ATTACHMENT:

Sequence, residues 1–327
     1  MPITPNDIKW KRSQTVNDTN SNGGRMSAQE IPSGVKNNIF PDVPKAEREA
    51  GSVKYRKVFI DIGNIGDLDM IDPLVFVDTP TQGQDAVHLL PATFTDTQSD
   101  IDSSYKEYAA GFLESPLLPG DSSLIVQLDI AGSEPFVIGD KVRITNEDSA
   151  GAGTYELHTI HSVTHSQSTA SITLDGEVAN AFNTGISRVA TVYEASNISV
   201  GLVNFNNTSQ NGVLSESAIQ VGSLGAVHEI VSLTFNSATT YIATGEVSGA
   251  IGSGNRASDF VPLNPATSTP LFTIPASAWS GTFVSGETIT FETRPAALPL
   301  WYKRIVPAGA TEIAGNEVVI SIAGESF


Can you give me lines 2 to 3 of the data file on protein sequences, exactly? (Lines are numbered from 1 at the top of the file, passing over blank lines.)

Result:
     1  MPITPNDIKW KRSQTVNDTN SNGGRMSAQE IPSGVKNNIF PDVPKAEREA
    51  GSVKYRKVFI DIGNIGDLDM IDPLVFVDTP TQGQDAVHLL PATFTDTQSD